This weekend I got the chance to once again see Jurassic Park on the big screen with it’s new 3D conversion. First, to be perfectly honest, I don’t care to talk about the 3D because 3D itself doesn’t have much of an effect on me, apart from noticing it for maybe the first 10 minutes of the film and then completely forgetting about it for the rest of the film. So if 3D’s your thing, from what I saw it looks pretty good. Other than that, I want to delve right into the film.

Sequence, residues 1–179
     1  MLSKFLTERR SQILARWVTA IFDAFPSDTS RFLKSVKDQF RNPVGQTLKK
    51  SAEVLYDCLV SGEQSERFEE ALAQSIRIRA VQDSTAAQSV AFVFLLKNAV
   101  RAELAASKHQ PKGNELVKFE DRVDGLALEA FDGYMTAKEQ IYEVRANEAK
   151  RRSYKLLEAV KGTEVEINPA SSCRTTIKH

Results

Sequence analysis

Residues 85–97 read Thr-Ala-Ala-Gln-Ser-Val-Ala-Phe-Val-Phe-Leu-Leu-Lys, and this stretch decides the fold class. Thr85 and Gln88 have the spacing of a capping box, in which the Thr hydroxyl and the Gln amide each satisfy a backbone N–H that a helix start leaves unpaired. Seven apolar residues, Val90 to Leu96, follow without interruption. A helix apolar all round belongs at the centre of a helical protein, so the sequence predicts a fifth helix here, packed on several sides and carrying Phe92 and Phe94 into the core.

I saw Jurassic Park like many people when it first came out in 1993. I remember the experience like it was yesterday. We went to the just opened AMC Town 6 theater in Burbank. What I remember most was that this film was the first time I sat in a theater with stadium seating. The theater was brand new, the sound was exquisite…it was really the ultimate movie going experience. I loved the move when I was 11 years old and there were those moments of sheer terror that blew me out of the water. Over the years and subsequent viewings I’ve had more time to process the story and the film itself. It’s been a very long time since I’ve seen the film all the way through as I look at it now through adult eyes. To be honest, this isn’t one of my favorite Spielberg movies, but I enjoy it for what it is, even if there are parts of the story that don’t quite mesh (which I’ll get into). This movie was made at the same time as Schindler’s List, and is in my opinion the pinnacle of Spielberg’s career. Everything after Schindler, for me has been a slow decline, where his movies still had moments of greatness, like Private Ryan for example where the main plot is nowhere near as exceptional as the incredible D-Day attack in the first 20 minutes.